Why Change Is So Difficult

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Change: The mere mention of this word may cause some to feel uneasy. We often find ourselves resisting change, perhaps because of the perceived risk or fear associated with it.

So why do we have such a hard time initiating, accepting or following through with change? 

This is something that I’ve thought of many times over the years, and I believe the problem can be defined in one word.


Success.


Success in the past always becomes enshrined in the present.

It is this past success that has created an inflated view of the policies and attitudes which generated the success to begin with.  It is these attitudes, that in time, become embedded in a system of beliefs, traditions and customs which build the unique culture of each and every business.

And, they do not adapt to change very easily.

Frequently, this means that many businesses become prisoners of its own past success.

And this is not merely an opinion. There are multiple examples of businesses over the last 10 to 20 years who hesitated to change.

Kodak - invented the first digital camera back in 1975, but it was considered “cute”.

Nokia - failed to understand and grasp the concept of software and kept focusing on hardware because the management feared that it may alienate current users if “they changed too much”.

The list goes on and on.

Transformations, of any variation, are difficult.

But, it is these individual characteristics which become so much a part of the cultural DNA, that any effort to shift them is quite likely to be viewed as an attack upon the framework of the organisation itself.

Without exception, all organisations, like a living organism, must adapt to changes in their environment, or die. 

And all organisations do change when put under sufficient pressure, be that pressure from the outside (market forces) or the result of very strong leadership.

It is rare for any organisation to generate the required internal pressure from the ‘grassroots’ to produce significant change in direction. 

To do so, is likely to be regarded as a form of dissatisfaction with the organisation's leadership. 

To change by evolution rather than revolution, the change must not only be tolerated but actively guided and directed in very explicit terms by the leadership.

And, it is in this process that corporate leadership faces major dilemmas. 

The organisation's investment in the status quo is always a heavy one. This is almost inherent in the definition of a culture.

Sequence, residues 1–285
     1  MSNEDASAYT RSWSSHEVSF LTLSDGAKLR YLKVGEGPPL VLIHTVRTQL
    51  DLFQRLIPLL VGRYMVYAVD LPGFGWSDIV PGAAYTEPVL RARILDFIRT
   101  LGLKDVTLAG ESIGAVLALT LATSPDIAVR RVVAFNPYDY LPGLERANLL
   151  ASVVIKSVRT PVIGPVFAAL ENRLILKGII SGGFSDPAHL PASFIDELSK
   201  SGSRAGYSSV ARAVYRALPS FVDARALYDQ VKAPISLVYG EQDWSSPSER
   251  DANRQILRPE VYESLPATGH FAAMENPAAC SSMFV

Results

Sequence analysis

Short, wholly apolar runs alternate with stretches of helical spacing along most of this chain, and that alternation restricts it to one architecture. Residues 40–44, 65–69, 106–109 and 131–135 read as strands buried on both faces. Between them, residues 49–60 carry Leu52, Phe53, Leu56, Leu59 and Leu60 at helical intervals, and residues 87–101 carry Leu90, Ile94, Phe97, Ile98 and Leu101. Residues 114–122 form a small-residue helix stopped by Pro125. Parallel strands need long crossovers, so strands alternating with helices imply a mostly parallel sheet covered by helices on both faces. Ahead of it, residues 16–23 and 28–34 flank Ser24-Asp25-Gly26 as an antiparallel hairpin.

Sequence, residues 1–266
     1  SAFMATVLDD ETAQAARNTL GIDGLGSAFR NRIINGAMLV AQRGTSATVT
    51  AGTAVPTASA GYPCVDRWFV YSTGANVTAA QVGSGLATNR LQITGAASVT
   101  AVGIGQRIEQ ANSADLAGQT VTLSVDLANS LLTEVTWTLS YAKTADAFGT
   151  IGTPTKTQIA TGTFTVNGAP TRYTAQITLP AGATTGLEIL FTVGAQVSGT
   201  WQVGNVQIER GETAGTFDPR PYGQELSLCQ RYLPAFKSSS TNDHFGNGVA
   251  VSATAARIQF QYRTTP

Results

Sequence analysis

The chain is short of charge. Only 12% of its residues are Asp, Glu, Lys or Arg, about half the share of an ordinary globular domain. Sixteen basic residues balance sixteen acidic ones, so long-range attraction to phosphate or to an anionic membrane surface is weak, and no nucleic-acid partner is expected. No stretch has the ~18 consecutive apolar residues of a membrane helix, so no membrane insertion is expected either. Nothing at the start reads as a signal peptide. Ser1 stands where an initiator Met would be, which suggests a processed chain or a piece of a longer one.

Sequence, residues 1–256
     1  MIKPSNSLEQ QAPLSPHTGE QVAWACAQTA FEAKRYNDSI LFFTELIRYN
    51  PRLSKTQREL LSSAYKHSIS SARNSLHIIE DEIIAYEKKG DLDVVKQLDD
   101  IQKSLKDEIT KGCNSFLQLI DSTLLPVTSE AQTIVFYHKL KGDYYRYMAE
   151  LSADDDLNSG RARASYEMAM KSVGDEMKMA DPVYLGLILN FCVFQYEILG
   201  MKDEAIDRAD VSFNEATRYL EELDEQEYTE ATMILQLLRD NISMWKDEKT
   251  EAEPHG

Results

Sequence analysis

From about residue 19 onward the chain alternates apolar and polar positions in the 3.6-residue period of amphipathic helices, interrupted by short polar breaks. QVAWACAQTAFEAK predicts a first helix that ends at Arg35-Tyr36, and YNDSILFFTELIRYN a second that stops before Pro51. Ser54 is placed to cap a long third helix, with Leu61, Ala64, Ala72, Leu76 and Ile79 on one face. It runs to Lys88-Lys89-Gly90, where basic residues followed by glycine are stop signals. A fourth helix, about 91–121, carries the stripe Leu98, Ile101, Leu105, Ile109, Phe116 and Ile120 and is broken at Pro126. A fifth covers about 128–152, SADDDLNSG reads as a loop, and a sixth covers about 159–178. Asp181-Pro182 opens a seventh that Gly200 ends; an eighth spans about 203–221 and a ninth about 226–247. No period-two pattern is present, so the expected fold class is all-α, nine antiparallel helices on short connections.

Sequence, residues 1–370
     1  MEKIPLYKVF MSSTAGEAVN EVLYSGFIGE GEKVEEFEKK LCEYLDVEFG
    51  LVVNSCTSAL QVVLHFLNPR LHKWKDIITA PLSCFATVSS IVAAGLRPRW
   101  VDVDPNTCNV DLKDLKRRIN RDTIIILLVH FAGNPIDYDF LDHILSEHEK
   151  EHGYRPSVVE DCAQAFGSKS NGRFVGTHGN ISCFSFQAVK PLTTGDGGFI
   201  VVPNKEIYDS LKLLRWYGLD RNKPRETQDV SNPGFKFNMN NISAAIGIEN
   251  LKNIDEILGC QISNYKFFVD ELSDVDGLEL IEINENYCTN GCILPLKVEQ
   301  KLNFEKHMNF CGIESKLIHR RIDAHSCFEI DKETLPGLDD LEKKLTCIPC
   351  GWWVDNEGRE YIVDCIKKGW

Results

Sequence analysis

Changes in policy and strategy are inherently threatening, creating a ripple of change across the entire organisation, triggering changes in objectives, values, methodology, status, hierarchy, and so on. Jobs, rank and many cherished beliefs are put under the microscope and into jeopardy.

Corporate culture tends to blind organisations to a need for change until the organisation as a whole can accept the reality of the need. But when the need is so obvious that the whole organisation can recognise it, competitive advantage in flexibility and speed of response has almost always been lost.

It is undeniable that not only the organisation, but the leadership itself, incurs considerable risk by commencing any process of transformation, innovation or change.

But, by definition the need for change is applied to decisions in the future. To be valid, the reasons for change must be based upon assumptions about the conditions and competition in that future. These assumptions in turn are based upon other assumptions. 

At some point, the need for information becomes so problematic and conditional that further fact finding and analysis becomes unrewarding, and the decision making process becomes almost completely intuitive.


All the forces of corporate culture are set against change

A study published in a 2018 HBR article, which surveyed 402 CEO’s reported that 50% of them found that driving cultural change was more difficult than anticipated and 47% also reported that developing their senior leadership team was surprisingly challenging.

This is not a criticism, but a realisation from my time in corporate roles, but also as a consultant working across various industries. It is a truth that needs to be stated…..and once named and accepted, you can take the positives from this truth.


And what are the positives? Well, the rewards can be substantial for those who have strong enough leadership to both anticipate the change required and manage the evolution of such change. And, this will be hard.

So, here are my take-a-ways. The competitive advantages of developing a superior change strategy will only be available to those which can make major shifts early enough not to be obvious to their organisation as a whole or to their competitors.

In my opinion, there are at least three major requirements of management who expect to outperform their competition:

  1. To identify and develop a superior strategy. 

  2. To provide the leadership required to overcome the obstacles to change. 

  3. To provide the leadership at a time when the business as a whole would ordinarily oppose the changes required. 

Are you ready to evolve?

John Stavrakis